O God, Unseen Yet Ever Near

Representative Text

1 O God, unseen yet ever near,
thy presence may we feel;
and, thus inspired with holy fear,
before thine altar kneel.

2 Here may thy faithful people know
the blessings of thy love,
the streams that through the desert flow,
the manna from above.

3 We come, obedient to thy word,
to feast on heavenly food;
our meat the body of the Lord,
our drink his precious blood.

4 Thus may we all thy word obey,
for we, O God, are thine;
and go rejoicing on our way,
renewed with strength divine.

Source: CPWI Hymnal #594

Author: Edward Osler

Osler, Edward, was born at Falmouth in January, 1798, and was educated for the medical profession, first by Dr. Carvosso, at Falmouth, and then at Guy's Hospital, London. From 1819 to 1836 he was house surgeon at the Swansea Infirmary. He then removed to London, and devoted himself to literary pursuits. For some time he was associated with the Society for Promoting Christian Knowledge, both in London and at Bath. In 1841 he became the Editor of the Royal Cornwall Gazette, and took up his residence at Truro. He retained that appointment till his death, at Truro, March 7, 1863. For the Linnaean Society he wrote Burrowing and Boring Marine Animals. He also published Church and Bible; The Voyage: a Poem written at Sea, and in the West Indies,… Go to person page >

Text Information

First Line: O God, unseen yet ever near, Thy presence may we feel
Title: O God, Unseen Yet Ever Near
Author: Edward Osler (1836)
Language: English
Copyright: Public Domain


O God unseen, yet ever near. E. Osler. [Holy Communion.] First published in Hall's Mitre Hymn Book, 1836, No. 270, in 4 stanzas of 4 lines, and entitled, "Spiritual Food." In the March number of Osler's Church and King, 1887, it was repeated with the single change of stanza iv., l. 1., from "Thus may we all" to "Thus would we all," &c. In some collections, as the English Hymnal, 1856 and 1861, it is given as, “O Christ unseen, yet ever near"; and in others as, "O God unseen, yet truly near." Other corruptions of the text are also found in Darling's Hymns, 1887, and other collections. Hymns Ancient & Modern is an exception in favour of the original, with the single change in stanza iv., l.1, of " Thy words" to "Thy word," The use of this hymn in a more or less correct form is very extensive in all English-speaking countries.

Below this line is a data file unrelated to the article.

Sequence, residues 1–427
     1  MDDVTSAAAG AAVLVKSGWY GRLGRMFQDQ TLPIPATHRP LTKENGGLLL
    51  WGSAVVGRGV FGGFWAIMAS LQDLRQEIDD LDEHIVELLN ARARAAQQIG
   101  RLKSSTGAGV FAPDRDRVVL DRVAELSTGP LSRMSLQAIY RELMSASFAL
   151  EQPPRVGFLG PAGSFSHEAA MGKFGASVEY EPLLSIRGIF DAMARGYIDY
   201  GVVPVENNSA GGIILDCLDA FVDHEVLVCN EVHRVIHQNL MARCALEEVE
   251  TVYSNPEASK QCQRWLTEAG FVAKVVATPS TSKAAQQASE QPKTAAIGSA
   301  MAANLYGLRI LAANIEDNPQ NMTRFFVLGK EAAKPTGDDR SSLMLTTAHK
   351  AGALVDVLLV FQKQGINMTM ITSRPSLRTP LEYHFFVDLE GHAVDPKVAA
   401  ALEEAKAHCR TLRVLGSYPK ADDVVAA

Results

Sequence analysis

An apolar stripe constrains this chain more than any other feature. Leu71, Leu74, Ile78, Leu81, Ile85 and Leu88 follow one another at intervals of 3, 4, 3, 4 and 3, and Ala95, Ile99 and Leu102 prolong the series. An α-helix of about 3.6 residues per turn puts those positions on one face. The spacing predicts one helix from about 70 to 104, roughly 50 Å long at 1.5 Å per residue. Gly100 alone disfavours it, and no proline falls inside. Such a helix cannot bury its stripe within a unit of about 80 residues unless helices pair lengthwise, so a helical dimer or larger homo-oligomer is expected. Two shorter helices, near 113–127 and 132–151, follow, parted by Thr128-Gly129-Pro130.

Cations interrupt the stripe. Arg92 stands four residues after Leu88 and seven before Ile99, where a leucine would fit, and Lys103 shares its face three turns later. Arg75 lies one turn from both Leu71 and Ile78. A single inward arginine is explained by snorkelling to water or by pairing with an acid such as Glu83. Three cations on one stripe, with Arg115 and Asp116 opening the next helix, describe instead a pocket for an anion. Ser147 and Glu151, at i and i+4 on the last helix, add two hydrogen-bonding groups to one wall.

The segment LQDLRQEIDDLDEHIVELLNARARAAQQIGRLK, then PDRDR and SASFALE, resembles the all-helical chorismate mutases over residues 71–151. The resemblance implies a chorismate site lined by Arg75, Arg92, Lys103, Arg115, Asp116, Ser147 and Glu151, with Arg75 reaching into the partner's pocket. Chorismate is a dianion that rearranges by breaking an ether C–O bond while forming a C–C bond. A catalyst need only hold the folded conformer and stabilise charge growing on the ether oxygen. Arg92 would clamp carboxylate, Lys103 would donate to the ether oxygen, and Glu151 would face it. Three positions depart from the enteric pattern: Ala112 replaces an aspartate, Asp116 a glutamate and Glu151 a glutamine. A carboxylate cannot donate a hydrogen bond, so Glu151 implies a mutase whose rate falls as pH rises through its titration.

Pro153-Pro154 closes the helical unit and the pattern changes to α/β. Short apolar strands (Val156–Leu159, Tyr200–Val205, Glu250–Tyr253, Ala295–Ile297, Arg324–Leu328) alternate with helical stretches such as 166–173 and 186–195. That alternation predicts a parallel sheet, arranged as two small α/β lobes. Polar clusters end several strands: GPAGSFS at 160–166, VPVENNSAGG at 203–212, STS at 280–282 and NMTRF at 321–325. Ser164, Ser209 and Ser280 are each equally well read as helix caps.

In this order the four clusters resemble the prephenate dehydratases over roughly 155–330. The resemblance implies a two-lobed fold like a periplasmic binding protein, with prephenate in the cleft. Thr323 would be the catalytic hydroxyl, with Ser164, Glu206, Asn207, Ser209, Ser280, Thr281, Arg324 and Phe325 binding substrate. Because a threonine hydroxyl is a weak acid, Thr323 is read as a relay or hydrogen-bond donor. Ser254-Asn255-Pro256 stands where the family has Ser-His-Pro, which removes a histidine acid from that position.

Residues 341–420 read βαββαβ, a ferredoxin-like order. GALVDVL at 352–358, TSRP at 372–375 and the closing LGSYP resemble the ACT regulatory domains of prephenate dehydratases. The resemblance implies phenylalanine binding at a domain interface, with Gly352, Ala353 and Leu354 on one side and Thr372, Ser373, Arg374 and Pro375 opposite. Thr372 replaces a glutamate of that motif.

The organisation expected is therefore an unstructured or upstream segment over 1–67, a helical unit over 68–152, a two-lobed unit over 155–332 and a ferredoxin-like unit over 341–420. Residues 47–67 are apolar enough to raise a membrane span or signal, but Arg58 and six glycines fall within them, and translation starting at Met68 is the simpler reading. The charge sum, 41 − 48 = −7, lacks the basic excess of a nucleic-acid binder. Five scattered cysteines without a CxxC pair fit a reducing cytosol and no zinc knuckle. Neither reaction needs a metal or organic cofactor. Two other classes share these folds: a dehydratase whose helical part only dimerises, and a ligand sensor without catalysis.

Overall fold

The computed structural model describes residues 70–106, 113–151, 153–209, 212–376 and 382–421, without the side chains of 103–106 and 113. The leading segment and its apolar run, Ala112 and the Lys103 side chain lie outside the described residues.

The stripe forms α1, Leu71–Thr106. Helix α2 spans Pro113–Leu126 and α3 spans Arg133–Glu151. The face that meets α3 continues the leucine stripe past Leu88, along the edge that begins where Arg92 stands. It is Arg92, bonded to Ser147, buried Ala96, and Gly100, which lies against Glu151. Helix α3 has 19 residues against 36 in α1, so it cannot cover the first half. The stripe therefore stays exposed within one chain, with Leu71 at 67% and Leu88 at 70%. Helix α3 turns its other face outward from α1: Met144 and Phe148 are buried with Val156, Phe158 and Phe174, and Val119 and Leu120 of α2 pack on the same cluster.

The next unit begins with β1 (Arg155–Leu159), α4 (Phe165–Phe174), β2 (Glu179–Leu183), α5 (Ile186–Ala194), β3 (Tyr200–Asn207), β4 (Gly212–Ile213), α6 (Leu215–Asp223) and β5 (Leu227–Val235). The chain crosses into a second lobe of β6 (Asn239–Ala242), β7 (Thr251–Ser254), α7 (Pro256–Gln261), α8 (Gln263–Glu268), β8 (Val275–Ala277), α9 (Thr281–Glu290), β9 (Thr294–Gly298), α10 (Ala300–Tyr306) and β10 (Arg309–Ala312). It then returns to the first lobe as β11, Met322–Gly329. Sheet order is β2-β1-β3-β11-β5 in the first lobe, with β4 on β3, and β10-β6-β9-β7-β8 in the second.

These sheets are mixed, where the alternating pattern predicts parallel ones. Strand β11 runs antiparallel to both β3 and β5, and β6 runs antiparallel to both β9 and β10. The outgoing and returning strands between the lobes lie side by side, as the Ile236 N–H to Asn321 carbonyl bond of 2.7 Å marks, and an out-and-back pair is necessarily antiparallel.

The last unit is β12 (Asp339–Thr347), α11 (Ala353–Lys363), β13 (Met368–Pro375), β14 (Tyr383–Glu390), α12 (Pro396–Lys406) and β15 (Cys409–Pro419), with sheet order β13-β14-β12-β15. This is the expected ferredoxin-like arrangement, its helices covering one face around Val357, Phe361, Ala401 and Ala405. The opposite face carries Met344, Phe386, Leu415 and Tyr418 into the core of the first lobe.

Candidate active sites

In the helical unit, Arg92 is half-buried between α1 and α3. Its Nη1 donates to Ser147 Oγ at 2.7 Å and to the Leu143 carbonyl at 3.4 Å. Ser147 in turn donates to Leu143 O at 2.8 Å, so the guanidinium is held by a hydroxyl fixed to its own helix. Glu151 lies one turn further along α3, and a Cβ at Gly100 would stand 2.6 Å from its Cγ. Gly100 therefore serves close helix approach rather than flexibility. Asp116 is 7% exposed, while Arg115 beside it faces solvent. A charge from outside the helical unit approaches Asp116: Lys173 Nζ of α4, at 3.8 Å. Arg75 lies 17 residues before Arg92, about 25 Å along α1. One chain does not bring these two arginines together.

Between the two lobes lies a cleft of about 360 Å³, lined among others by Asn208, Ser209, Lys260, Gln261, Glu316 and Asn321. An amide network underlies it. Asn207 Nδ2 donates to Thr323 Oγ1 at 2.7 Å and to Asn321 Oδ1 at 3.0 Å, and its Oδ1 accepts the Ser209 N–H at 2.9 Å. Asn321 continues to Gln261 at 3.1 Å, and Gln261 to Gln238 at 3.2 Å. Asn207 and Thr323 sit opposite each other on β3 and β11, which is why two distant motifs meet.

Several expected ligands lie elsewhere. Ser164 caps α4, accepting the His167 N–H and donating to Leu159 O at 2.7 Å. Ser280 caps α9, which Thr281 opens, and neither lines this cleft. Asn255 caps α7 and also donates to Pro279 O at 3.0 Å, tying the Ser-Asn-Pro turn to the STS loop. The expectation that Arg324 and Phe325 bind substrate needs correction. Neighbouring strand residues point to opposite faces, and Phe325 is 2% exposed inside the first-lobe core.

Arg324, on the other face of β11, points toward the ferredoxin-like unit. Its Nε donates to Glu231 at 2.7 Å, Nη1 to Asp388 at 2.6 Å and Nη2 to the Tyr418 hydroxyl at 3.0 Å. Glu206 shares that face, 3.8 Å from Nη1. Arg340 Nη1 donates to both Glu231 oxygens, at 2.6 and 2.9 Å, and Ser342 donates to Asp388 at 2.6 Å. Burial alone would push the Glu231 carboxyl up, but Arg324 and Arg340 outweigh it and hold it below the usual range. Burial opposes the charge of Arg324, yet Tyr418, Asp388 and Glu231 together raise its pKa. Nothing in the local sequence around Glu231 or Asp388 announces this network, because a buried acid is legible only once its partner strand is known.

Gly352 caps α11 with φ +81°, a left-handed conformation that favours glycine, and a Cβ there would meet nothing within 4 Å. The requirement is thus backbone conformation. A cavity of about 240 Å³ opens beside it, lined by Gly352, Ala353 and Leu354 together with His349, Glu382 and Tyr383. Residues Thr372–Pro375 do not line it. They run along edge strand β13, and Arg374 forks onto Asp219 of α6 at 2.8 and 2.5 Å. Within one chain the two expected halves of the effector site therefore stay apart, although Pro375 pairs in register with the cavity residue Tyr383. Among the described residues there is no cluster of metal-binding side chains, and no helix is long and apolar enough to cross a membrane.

--John Julian, Dictionary of Hymnology (1907)


. This hymn, in 3 stanzas of 4 lines, was given in Longfellow and Johnson's Hymns of the Spirit, 1864, as No. 44, and entitled "At the Fountain." In the index it is signed Anon. It is, in fact, E. Osier's hymn in a rewritten form, 7 of its 12 lines being direct from Osier (see p. 833, i.). In modern American collections it begins "O God unseen, but ever near," and is expanded into 16 lines, the increase being attributed to S. Longfellow. This form is in several American hymnbooks, including The Pilgrim Hymnal, 1904.

--John Julian, Dictionary of Hymnology, New Supplement (1907)



The Cyber Hymnal #4930
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Instances (1 - 14 of 14)

AGO Founders Hymnal #22

Ambassador Hymnal #279

Anglican Hymns Old and New (Rev. and Enl.) #548

TextPage Scan

Chalice Hymnal #399

Church Hymnal, Fifth Edition #435

TextPage Scan

Common Praise (1998) #52

TextPage Scan

Complete Anglican Hymns Old and New #496

TextPage Scan

CPWI Hymnal #594

Hymns Ancient and Modern, New Standard Edition #272

Hymns for Today's Church (2nd ed.) #421

Hymns Old and New #367


Seventh-day Adventist Hymnal #405


The Cyber Hymnal #4930


The Hymnal 1982 #332

Include 118 pre-1979 instances
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